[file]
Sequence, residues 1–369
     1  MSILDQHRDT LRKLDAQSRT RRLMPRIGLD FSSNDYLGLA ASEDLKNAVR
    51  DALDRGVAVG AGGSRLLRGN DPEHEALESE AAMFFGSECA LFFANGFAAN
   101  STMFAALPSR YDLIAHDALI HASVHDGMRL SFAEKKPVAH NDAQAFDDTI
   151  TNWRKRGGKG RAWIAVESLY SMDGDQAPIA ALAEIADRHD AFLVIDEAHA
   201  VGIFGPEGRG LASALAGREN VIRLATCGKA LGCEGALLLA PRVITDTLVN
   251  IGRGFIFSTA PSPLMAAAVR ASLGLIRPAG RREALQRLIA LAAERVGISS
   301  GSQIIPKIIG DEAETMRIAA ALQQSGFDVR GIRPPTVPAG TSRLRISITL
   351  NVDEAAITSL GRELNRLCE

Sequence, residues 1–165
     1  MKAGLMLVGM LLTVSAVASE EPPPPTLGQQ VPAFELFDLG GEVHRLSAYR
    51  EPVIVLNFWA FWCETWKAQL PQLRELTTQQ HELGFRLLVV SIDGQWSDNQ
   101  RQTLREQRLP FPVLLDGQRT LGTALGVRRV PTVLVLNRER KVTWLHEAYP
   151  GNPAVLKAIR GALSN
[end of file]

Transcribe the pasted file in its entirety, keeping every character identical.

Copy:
Sequence, residues 1–369
     1  MSILDQHRDT LRKLDAQSRT RRLMPRIGLD FSSNDYLGLA ASEDLKNAVR
    51  DALDRGVAVG AGGSRLLRGN DPEHEALESE AAMFFGSECA LFFANGFAAN
   101  STMFAALPSR YDLIAHDALI HASVHDGMRL SFAEKKPVAH NDAQAFDDTI
   151  TNWRKRGGKG RAWIAVESLY SMDGDQAPIA ALAEIADRHD AFLVIDEAHA
   201  VGIFGPEGRG LASALAGREN VIRLATCGKA LGCEGALLLA PRVITDTLVN
   251  IGRGFIFSTA PSPLMAAAVR ASLGLIRPAG RREALQRLIA LAAERVGISS
   301  GSQIIPKIIG DEAETMRIAA ALQQSGFDVR GIRPPTVPAG TSRLRISITL
   351  NVDEAAITSL GRELNRLCE

Sequence, residues 1–165
     1  MKAGLMLVGM LLTVSAVASE EPPPPTLGQQ VPAFELFDLG GEVHRLSAYR
    51  EPVIVLNFWA FWCETWKAQL PQLRELTTQQ HELGFRLLVV SIDGQWSDNQ
   101  RQTLREQRLP FPVLLDGQRT LGTALGVRRV PTVLVLNRER KVTWLHEAYP
   151  GNPAVLKAIR GALSN